Netflix's Space Force Isn't Real, Duh, but It Does Draw From Reality
It's a been big year for the United States Space Force (USSF), which is now categorized as the sixth branch of the armed forces. Not only were they officially established as a new military branch, but also they found themselves as inspiration behind Netflix's newest parody series, unsurprisingly called Space Force.
The comedy follows four-star General Mark R. Naird (Steve Carell) whose lifelong goal is to hold a high-ranking position in the US Air Force. Sadly, this pilot's dream come to a halt when assigned to take over a new branch of the US military, the Space Force. The new job requires moving his family to a remote base in Colorado where he'll work with a team of scientists, engineers, and space professionals to combat a variety of tasks from the White House, in the hopes of colonizing the moon.
If you're wondering why this story line seems familiar, your guesses probably aren't too far off from the truth. The series is in fact, based on — and poking fun at — the USSF. In 2019, President Donald Trump signed a $738 billion defense spending bill, which led to the USSF. The new branch was rapidly mocked among comedians, politicians, and even cartoonists due to its larger-than-life budget, and seemingly loosely planned list of goals, thus creating the perfect foundation for a satire. Carell's character is even based off General Jay Raymond (below, right), who was recently honored as the US Space Force chief of space operations. Fueling the fire, the trailer's opening scenes pay homage to this mockery as we watch highly appointed officials laugh as their leader announces the arrival of a new military branch.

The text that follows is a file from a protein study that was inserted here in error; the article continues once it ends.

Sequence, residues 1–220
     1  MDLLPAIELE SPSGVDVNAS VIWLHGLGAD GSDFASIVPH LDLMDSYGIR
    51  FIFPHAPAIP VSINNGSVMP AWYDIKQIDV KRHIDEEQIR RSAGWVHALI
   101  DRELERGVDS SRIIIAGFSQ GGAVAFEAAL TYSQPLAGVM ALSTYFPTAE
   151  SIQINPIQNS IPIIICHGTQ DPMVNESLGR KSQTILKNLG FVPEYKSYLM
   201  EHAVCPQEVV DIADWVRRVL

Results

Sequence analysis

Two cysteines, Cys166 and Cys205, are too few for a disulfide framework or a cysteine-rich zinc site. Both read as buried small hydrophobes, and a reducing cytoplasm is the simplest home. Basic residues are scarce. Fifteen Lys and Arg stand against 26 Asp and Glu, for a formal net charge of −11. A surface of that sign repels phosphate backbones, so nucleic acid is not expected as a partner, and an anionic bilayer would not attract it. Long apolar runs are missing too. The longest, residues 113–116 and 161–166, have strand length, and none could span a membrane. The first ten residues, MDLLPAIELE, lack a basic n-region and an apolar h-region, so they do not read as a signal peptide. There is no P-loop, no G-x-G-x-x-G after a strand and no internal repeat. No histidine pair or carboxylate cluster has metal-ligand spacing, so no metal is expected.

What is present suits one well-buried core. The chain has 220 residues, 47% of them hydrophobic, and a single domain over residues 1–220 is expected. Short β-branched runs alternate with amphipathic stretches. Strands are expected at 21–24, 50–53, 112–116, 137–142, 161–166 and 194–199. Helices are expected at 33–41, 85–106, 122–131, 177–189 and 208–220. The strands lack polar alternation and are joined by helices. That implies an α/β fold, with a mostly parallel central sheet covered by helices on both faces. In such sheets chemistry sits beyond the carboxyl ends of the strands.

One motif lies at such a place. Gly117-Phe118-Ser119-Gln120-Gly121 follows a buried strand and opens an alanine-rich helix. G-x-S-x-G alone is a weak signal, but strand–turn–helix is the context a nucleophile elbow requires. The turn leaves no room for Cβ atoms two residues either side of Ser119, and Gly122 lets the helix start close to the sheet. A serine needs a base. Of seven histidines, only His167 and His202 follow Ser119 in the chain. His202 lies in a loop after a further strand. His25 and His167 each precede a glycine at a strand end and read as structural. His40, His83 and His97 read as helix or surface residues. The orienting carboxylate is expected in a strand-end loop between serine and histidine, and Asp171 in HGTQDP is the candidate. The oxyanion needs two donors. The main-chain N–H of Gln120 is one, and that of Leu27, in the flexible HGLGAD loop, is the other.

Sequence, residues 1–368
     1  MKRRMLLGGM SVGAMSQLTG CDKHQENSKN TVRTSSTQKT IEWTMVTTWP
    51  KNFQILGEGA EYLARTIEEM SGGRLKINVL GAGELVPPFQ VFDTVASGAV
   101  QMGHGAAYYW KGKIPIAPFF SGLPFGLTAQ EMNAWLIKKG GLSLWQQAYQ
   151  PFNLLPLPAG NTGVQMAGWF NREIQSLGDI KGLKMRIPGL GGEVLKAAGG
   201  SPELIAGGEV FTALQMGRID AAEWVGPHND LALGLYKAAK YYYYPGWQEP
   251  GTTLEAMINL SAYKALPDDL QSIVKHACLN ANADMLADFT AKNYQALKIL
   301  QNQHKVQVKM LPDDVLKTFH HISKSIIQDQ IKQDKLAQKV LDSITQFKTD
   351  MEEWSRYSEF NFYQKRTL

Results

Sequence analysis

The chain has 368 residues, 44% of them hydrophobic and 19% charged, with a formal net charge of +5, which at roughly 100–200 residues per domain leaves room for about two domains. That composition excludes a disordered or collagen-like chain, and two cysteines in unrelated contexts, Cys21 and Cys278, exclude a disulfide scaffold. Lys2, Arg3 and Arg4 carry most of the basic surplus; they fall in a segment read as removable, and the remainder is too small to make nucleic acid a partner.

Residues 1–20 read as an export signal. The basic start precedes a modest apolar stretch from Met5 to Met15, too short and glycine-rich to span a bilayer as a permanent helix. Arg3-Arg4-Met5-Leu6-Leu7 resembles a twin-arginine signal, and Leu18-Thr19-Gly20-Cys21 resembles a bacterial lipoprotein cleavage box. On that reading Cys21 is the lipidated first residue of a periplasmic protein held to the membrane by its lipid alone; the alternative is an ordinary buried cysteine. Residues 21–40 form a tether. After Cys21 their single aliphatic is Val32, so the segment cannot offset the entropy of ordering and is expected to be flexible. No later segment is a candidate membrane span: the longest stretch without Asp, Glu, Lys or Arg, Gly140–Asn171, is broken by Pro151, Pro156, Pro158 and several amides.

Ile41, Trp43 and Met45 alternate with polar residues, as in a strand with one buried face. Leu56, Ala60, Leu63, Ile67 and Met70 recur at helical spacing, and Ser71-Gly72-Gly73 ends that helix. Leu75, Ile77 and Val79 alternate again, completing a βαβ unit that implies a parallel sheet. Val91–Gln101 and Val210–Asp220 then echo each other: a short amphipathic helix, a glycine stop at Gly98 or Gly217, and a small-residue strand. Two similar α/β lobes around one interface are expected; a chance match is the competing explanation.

While Space Force wasn't technically an independent branch of the military until 2019, Trump publicly spoke about his intent to create it in 2018. After the initial mention, Space Force cocreator Greg Daniels, who previously worked with Carell on The Office, helped curate a space narrative around these real-life events.
"We realized that the story had beautiful visuals and a mythic quality, and it echoed some of America's best moments," Daniels said in a press release. "The contrast between that and the super hopeful early days of NASA, when it was just such an achievement for all of mankind to get a person on the moon, is a good subject for satire."
So far, the USSF hasn't issued any comments regarding the streaming service's new series. However, Raymond did jokingly advise Carell to get a haircut if he wants to portray a real-life Space Force chief. While talking during a Space Foundation webinar, Raymond, who sports a nearly clean-shaven head himself, added he is looking forward to watching the series play out.
The parody will hit Netflix on May 29, and you won't want to miss it.